But the clash between Law and Code was now here to stay. As soon as the Directive was adopted, Poland challenged Art. 17 before the CJEU, rounds of stakeholder dialogues continued with ever more radically different interpretations of the article, and national implementations did not promptly flow in, partially because of the late publication of the EC guidelines to implement Art. 17, which, however, did not dissolve many of the doubts illustrated above (see Jütte/Priora).
In its judgement, the CJEU confirmed that Art. 17 entails a limitation of the freedom of expression and information, but considered such limitation to be justified under Art. 52(1) of the Charter and thus legitimate. In its reasoning, the Court put particular emphasis on the fact that the Directive sets forth strong safeguards to protect end-users in their legitimate uses of protected works. The CJEU firmly restated that the Directive does not allow for the use of automatic recognition and filtering tools “which filter and block lawful content when uploading”, citing case law where it held that “a filtering system which might not distinguish adequately between unlawful content and lawful content (…) would be incompatible (…) with Art. 11 of the Charter (para. 85-86). In other words, the Court considered that “Internet filters do not infringe freedom of expression if they work well. But will they?” (Husovec).
Lastly, the CJEU considered the use of upload filters “not only appropriate but (…) necessary to meet the need to protect intellectual property rights”, as other less restrictive measures “would not be as effective” (para. 83). Oddly, the necessity for a similar liability regime was not felt by the EU legislator in the recent Digital Services Act, regarding other types of illegal content (see recital 16; for the interplay between both, see Quintais/Schwemer). Even more surprisingly, the CJEU’s statement is not backed by a full reasoning. In its proportionality assessment, the CJEU did not assess the impact of the use of such filters on users’ fundamental rights, having been satisfied with a presumed better effectiveness of upload filters over other alternative options.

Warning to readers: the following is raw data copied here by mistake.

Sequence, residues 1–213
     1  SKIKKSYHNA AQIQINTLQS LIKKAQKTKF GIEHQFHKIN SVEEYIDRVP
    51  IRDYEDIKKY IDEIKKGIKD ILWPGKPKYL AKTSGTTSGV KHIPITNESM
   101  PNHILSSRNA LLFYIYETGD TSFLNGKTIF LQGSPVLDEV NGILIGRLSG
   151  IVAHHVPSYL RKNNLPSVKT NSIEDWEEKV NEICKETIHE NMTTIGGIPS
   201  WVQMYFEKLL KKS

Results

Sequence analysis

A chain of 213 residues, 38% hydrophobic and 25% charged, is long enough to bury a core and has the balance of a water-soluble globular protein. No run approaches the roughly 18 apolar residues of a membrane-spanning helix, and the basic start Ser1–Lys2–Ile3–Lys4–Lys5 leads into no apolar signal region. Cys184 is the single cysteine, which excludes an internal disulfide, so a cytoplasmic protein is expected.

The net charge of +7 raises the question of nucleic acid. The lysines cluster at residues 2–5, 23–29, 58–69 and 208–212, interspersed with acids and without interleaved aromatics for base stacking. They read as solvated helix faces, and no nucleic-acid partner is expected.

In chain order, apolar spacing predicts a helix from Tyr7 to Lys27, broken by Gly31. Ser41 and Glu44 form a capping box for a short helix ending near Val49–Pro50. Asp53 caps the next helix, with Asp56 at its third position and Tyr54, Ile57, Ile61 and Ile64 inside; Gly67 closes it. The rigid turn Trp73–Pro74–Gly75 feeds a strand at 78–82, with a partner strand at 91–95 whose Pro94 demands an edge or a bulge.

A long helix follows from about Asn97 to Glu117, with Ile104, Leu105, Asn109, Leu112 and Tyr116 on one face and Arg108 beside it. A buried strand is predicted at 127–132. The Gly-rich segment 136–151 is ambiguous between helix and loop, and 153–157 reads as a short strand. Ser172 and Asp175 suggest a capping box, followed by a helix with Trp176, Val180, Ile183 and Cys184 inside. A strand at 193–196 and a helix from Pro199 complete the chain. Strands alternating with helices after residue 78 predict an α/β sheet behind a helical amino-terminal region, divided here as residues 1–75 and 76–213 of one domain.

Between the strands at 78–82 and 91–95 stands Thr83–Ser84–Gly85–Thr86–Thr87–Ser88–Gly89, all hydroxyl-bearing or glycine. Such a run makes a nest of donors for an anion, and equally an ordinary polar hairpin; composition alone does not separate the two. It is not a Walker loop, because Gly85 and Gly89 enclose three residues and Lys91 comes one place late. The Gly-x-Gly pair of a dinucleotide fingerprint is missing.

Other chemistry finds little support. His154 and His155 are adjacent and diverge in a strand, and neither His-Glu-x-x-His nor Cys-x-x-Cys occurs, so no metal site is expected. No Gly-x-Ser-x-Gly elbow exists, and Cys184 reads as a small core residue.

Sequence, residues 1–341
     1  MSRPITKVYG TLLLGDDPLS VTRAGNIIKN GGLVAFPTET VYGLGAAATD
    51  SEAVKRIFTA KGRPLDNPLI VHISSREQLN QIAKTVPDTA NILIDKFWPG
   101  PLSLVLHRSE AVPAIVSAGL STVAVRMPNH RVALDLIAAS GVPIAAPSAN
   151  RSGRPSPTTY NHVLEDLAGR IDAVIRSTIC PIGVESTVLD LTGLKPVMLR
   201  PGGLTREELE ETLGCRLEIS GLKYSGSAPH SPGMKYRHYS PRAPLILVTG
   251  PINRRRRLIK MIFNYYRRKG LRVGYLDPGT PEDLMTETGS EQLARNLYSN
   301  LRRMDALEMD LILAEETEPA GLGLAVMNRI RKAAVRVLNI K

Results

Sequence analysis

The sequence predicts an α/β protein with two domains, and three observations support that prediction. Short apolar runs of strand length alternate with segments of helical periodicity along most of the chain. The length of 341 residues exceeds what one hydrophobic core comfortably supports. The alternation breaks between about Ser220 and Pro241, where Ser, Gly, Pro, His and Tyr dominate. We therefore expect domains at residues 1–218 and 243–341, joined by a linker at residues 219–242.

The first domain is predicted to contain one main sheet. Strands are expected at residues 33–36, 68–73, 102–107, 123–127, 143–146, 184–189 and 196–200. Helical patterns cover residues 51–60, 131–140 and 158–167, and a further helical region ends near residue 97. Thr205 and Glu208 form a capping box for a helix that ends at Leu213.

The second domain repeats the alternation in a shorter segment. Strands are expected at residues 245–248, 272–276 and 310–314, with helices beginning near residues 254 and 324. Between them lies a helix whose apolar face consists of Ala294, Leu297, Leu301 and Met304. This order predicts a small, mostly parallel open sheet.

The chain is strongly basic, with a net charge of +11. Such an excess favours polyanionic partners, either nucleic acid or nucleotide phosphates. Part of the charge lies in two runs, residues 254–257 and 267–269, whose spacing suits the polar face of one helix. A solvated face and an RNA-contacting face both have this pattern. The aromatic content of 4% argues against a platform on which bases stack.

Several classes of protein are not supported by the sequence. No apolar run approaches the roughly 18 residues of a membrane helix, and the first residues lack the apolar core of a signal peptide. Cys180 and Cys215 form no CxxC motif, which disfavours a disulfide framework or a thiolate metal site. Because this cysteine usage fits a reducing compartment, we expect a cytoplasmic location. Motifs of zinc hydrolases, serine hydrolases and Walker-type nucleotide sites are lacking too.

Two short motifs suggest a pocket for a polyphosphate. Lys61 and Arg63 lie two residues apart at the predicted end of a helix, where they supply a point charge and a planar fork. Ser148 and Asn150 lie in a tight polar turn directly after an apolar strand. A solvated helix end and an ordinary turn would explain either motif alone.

One of the main features of Code is not allowing margin for ambiguity: depending on the given inputs, the Code will run or will not run. Even the most basic Code does not run if there is a problem with it – the system will simply return an error. For example, in Python:
a = “upload filters”
b = copyright_infringement
print(a+ “, please detect”, b)
As there is something wrong with this Code (some “” missing), the system will return an error:
NameError: name ‘copyright_infringement’ is not defined
However, legislative fiction can afford to enter uncertain inputs without “errors” being displayed. If Art. 17 might be considered balanced and proportional in its literal reading, our current technological reality seems to be unable to achieve its pursued objectives. In other words, Art. 17 is legally (but not technologically) balanced. As such, Art. 17 carries the risk of a sub-optimal application, a remarkable expectation on platforms to apply it in a balanced and effective way, and an inevitable burden of interpretation on national Parliaments and courts. Just as law could give us the right to live forever and that would not make us immortal, the law may well state what the outcome of a certain technology should be but that does not mean the technology will achieve such outcome. Just because it is written in the law does not mean it will become a technical reality. Law is not Code. Lessig was right: in the cyberspace, Code is indeed a regulator.